For most people, the purpose of technology is to make life easier. Voice assistants like the Amazon Echo have proven that people are willing to pay for more convenience in their lives. But while shouting at a device across the room is less work than walking over to your computer, it still isn’t particularly convenient. In an ideal world, you’d be able to just think something and have it happen. We are, unfortunately, a long way off from that being a reality. That’s why Nick Bild came up with an interesting and innovative solution built around a pair of sunglasses.
This project, called ShAIdes, is a way to interact with the real world by using hand gestures. A user wearing the ShAIdes only needs to look at the object they want to control and then make a simple hand gesture. The ShAIdes will recognize the object and the action intended by the gesture, and then facilitate that action uses fairly standard IoT (Internet of Things) methodology. For example, the user can look at a lamp and then make a hand gesture to turn it on. The same can be done with a stereo, or just about anything else that can be controlled wirelessly.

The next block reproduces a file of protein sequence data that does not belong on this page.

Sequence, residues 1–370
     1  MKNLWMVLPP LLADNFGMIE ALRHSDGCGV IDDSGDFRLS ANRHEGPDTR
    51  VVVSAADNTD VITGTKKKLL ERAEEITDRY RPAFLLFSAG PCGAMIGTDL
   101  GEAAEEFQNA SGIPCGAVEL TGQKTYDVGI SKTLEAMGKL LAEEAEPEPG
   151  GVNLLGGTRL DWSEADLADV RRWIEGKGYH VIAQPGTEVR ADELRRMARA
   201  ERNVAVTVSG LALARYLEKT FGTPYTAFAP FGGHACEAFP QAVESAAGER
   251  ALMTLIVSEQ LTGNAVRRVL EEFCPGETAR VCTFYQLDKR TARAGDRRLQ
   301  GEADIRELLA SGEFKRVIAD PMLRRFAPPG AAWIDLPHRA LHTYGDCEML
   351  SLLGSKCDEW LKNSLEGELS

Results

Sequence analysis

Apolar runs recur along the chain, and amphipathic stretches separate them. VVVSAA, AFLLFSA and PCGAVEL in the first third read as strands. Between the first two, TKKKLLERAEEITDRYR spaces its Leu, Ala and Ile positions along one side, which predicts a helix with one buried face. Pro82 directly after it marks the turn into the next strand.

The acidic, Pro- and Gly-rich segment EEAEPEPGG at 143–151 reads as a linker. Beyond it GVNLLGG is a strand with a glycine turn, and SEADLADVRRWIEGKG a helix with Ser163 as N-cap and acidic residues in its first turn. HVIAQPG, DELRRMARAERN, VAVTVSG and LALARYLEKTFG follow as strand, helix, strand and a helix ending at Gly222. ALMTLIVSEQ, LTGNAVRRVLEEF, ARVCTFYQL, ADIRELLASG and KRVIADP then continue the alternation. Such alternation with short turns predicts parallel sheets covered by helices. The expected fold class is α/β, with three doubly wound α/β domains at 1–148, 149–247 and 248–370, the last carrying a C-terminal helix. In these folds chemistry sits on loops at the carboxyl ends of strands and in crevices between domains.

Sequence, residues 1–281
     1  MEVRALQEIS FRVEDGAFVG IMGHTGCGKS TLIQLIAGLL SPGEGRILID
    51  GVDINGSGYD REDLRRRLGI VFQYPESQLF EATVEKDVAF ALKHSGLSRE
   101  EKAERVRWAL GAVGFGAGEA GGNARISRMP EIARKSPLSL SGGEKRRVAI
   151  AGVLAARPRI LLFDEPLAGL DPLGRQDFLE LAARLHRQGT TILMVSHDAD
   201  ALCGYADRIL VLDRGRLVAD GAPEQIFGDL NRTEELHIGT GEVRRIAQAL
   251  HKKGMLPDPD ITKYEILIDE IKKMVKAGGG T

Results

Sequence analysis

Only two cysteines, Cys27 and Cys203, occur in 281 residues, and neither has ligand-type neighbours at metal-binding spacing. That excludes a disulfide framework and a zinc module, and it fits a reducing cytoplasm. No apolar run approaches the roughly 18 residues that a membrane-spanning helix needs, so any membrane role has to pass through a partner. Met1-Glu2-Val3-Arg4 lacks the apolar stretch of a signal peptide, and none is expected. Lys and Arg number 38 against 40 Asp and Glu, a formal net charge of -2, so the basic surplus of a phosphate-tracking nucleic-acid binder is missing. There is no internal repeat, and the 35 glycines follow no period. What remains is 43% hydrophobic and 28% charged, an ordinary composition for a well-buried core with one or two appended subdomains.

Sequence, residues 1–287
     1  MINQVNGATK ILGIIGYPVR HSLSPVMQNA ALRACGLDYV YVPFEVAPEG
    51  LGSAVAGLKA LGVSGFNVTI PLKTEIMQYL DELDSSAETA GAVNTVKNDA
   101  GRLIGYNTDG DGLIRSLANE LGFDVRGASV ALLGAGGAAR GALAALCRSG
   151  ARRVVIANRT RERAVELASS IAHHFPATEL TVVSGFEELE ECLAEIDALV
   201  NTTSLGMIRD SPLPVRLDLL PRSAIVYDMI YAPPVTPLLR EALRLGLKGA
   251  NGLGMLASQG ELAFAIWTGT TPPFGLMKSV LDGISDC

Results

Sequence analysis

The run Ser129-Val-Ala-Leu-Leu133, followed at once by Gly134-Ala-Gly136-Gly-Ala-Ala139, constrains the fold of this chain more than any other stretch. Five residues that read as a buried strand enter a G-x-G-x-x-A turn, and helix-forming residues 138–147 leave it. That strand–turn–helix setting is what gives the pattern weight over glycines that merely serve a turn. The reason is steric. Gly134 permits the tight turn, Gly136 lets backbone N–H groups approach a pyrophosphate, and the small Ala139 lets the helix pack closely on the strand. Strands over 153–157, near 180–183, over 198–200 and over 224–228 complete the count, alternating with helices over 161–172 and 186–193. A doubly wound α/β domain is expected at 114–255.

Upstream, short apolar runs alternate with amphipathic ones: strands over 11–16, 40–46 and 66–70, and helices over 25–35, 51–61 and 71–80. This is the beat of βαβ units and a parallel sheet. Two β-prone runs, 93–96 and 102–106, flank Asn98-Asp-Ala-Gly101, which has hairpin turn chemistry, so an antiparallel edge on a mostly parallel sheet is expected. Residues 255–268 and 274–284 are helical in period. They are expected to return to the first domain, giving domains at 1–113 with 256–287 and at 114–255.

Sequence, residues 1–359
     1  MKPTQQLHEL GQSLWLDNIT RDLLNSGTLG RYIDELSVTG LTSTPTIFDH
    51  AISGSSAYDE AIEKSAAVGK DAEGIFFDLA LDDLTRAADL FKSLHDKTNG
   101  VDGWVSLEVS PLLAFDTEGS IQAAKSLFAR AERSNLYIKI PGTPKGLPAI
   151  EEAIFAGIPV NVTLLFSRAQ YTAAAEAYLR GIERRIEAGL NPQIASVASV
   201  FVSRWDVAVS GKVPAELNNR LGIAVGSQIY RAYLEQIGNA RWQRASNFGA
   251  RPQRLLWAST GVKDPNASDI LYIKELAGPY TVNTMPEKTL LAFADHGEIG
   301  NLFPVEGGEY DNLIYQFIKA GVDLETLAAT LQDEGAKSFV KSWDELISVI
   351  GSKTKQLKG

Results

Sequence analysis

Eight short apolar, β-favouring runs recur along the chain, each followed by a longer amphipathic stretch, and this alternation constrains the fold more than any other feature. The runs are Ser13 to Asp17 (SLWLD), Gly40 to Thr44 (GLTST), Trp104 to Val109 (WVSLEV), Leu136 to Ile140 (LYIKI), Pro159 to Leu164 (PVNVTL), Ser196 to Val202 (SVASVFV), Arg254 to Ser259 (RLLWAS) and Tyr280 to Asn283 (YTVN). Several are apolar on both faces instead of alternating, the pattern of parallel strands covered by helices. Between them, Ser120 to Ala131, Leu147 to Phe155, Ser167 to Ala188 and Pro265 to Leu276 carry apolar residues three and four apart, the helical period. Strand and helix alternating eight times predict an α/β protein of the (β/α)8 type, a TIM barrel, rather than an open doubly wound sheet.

To make that all work, Bild used an NVIDIA Jetson Nano. The Jetson Nano is a small single-board computer (SBC) designed specifically for running artificial intelligence neural networks. The ShAIdes capture video from a CSI (Camera Serial Interface) camera, and then use a pair of neural networks to process the frames. The first neural network is an object detection model that can recognize known objects in the frame. The second neural network is a gesture detection model that determines what hand gesture the user is making. If both are recognized, a corresponding action is taken. For example, the lamp has a Phillips Hue light bulb that can be turned on or off with a simple REST API request.